Through all of this, I am thankful. I am thankful that I was taught at a young age, to be creative and resourceful. I am thankful that I have skills that allow me to make something beautiful, out of something broken or old. I am thankful that I learned how to cook, and to stretch a dollar, making sure that we purchase only what we need. I use coupons, I use sales, and I consolidate my trips to make them all at once, instead of several trips that waste not only fuel, but time. I am thankful for a husband who wants me home to take care of not only my son, but the house, and to ensure that he is taught the right lessons, preparing him for a smarter future. Today, life is about sacrifices, and what is truly needed. I don't have cable, instead, we watch the movies we already own. We also watch what we can online. Because I homeschool, I keep the internet, it is the one luxury we do afford ourselves, along with our cell phones, as winter brings dangerous roads, and long trips to the VA can turn deadly if you are not prepared. Other than that, we have cut back so much, that there is no more room to cut back. I am well stocked, from the good years that we had, in fabric and beads, so I have plenty to keep busy with for crafting and making special gifts for those I love. That fabric allows me to make clothes as we need them, also, so does the old clothing that is ready to be tossed, as it can be cut up for quilts, or taken apart as a pattern and remade into something new and exciting to wear. Old blankets can be used to fill a new quilt, or to build squares for a new quilt. I am thankful for all we have, and was blessed to be taught at such a young age, how to survive times like this.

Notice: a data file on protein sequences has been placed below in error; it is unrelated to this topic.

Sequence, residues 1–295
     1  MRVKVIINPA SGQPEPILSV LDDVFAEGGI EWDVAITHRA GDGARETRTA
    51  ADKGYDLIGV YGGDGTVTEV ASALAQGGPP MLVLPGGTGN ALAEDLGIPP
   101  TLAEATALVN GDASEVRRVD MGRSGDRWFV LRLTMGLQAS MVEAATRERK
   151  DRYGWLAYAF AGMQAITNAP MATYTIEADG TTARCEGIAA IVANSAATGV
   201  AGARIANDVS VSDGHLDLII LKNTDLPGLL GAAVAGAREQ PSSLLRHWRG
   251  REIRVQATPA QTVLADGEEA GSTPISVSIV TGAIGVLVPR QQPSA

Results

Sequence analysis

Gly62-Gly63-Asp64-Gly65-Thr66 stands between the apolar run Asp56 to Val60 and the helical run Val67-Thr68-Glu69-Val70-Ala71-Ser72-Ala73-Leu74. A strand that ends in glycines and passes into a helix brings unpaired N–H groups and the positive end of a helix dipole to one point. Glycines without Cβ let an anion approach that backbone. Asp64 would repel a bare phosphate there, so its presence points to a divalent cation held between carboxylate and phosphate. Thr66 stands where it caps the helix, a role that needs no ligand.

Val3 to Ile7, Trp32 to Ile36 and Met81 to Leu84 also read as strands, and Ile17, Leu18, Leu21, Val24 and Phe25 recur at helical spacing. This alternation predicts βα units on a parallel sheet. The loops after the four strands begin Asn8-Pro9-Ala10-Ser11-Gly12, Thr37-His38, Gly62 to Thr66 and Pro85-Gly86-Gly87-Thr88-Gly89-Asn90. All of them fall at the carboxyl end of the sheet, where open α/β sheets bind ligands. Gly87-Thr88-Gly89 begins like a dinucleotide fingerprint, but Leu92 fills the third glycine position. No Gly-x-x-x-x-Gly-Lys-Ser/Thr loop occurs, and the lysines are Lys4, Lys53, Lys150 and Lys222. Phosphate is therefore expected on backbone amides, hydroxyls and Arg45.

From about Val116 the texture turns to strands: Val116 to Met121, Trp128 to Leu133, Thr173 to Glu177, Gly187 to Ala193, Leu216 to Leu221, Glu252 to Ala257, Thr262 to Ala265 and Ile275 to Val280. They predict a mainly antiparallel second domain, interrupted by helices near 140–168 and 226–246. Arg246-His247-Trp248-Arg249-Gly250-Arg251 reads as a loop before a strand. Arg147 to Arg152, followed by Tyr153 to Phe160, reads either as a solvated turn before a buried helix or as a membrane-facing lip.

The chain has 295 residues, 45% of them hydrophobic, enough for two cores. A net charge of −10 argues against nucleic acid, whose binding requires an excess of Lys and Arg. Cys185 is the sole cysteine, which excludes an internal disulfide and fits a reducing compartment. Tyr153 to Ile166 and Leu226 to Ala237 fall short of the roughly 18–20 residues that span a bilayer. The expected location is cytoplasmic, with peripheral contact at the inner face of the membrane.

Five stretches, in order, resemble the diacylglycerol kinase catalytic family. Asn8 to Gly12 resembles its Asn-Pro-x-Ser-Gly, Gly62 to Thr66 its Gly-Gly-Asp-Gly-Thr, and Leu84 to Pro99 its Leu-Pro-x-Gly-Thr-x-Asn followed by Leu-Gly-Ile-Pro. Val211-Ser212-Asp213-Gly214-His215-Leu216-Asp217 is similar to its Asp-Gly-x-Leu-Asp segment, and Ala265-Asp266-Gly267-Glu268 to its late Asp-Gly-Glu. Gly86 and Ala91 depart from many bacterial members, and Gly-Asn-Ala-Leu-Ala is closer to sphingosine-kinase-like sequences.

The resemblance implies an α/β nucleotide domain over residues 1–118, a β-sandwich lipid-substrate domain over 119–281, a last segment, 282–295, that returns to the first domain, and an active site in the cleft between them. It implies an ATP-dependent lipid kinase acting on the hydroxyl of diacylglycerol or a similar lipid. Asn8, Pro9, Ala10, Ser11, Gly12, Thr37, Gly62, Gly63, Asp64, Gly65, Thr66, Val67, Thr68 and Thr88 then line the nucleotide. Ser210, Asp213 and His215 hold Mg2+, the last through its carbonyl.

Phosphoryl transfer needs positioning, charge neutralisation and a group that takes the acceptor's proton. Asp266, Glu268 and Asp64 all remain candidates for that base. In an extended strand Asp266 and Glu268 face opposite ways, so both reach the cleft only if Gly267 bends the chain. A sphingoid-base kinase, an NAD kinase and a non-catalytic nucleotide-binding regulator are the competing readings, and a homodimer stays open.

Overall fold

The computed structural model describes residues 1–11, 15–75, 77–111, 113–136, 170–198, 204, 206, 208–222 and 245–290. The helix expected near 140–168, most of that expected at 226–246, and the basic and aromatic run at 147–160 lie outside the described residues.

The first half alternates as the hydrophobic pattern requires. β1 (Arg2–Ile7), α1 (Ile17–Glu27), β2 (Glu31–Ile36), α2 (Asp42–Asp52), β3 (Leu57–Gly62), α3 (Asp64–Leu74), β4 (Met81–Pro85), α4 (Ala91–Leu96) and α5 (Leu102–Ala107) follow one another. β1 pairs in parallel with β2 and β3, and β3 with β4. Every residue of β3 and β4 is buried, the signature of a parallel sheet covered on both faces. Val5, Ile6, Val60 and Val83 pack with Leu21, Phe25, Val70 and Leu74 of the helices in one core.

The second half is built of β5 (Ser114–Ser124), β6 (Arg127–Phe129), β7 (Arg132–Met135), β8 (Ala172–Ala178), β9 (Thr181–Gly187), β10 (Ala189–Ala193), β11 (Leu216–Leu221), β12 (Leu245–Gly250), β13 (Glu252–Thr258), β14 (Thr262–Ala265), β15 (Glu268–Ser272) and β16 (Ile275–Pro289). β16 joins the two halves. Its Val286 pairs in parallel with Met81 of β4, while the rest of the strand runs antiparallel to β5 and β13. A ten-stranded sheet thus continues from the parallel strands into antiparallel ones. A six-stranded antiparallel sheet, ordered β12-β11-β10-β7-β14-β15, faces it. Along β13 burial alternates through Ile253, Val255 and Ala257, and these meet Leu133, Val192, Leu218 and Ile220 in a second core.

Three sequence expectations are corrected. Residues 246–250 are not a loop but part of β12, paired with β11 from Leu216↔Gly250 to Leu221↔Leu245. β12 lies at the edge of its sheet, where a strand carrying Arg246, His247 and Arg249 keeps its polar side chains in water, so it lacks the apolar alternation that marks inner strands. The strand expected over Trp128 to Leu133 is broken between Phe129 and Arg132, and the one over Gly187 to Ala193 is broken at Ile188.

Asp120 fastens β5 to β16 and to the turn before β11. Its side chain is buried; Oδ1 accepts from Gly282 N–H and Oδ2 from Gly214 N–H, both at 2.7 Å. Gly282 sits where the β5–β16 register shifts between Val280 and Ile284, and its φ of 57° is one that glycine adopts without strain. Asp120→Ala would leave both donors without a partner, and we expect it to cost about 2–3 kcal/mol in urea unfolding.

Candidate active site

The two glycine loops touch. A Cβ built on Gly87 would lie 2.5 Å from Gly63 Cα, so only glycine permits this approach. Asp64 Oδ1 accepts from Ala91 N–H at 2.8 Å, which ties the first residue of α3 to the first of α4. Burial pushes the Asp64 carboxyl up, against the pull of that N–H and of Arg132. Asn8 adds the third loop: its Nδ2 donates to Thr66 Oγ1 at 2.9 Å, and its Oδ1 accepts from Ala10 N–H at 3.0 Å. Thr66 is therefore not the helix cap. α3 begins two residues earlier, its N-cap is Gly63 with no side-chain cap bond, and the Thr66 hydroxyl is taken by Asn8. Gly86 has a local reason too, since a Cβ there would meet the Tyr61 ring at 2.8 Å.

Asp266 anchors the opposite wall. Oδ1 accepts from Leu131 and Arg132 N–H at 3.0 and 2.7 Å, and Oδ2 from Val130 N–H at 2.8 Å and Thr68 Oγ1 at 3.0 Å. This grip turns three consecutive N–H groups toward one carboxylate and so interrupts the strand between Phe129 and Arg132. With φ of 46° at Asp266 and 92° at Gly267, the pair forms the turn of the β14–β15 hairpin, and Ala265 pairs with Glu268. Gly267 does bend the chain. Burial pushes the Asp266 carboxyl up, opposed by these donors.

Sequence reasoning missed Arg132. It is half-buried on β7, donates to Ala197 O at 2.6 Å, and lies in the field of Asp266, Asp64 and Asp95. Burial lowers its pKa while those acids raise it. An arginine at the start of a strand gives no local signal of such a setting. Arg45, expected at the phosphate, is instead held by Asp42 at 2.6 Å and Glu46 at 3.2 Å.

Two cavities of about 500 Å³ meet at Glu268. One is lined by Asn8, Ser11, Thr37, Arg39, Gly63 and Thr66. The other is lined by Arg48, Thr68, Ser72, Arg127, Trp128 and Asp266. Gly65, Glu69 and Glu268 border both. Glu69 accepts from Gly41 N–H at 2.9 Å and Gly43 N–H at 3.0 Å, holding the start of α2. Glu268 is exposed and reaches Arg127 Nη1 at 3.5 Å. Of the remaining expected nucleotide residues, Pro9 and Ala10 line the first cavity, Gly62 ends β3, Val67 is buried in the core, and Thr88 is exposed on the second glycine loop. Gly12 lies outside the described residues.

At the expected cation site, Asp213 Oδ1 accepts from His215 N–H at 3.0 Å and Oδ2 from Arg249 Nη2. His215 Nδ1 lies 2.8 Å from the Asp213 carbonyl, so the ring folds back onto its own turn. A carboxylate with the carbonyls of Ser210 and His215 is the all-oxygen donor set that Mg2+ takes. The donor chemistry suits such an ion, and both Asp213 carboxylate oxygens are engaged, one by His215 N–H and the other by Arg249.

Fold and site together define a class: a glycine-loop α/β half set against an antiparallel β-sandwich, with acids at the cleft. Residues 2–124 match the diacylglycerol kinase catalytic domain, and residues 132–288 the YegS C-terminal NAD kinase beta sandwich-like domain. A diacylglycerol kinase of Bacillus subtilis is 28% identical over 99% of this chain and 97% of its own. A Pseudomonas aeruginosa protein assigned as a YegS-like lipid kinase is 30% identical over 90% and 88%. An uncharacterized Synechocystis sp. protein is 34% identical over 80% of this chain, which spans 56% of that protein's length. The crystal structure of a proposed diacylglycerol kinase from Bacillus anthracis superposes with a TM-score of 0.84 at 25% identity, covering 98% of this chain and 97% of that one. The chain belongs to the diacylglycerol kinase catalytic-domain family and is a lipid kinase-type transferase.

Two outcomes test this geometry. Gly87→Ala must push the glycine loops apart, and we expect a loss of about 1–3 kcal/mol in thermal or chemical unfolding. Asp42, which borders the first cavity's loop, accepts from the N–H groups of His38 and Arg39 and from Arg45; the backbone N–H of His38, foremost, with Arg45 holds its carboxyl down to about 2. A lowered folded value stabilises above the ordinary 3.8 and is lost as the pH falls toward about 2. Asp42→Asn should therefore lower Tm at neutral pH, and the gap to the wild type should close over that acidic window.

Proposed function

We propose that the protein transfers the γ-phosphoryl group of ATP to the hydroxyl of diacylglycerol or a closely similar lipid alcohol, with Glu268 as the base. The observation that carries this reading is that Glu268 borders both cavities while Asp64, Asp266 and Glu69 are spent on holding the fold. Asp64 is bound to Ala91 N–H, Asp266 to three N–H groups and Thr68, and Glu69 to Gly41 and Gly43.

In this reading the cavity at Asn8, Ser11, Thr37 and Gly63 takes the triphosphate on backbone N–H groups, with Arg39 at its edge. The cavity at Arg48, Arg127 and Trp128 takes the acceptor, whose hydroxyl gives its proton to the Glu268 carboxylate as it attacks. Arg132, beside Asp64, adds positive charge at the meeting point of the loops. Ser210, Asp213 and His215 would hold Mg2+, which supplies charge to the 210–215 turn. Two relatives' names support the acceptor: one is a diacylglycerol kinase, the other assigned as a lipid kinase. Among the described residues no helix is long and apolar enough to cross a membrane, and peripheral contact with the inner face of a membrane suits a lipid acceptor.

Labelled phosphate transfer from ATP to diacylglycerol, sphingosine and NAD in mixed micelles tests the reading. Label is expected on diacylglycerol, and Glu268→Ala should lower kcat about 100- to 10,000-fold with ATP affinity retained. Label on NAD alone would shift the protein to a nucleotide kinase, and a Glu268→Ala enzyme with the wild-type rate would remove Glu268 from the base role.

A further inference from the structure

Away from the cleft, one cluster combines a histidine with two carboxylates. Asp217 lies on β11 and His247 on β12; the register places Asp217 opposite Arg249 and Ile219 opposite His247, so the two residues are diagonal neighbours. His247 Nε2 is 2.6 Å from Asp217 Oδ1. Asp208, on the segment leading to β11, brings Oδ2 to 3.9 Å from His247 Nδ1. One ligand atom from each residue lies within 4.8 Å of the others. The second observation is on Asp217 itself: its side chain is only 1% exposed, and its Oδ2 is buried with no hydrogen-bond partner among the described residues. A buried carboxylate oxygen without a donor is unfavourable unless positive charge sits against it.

Though this recession has hit us hard, I am thankful that my family is still together, that I have a house for my teens to live in, and learn, about renting and paying bills. I am thankful that I am now in a farm, where I have the growing room I need, for all the gardening I love to do. My family is solid, strong, and together, what more could I ask for?? We have weathered the worst of times, and had grand times when things were great. Through it all, we learned that love was the most important thing we do have, and we share that with each other daily. Not a day goes by without us telling each other how much we love each other, and how much we respect each other for the skills that we do share, and the things we do for each other. Other families are learning this, as times turn tough, and they must find new ways to cope, move forward, and appreciate what it is they do have. It is something we have known all along, and I pray that this recession brings families together again, to really appreciate the ones you love, to share in the simple joys, instead of keeping up with the Joneses.
This is a season of thanks giving...yet we should be thankful all year round for what we have, what we can do, and what we experience. For those are the important things, not the things we wish we had, but the things we already have.
Blessings to all, for friendship is more powerful a gift than anything monetary. Rhea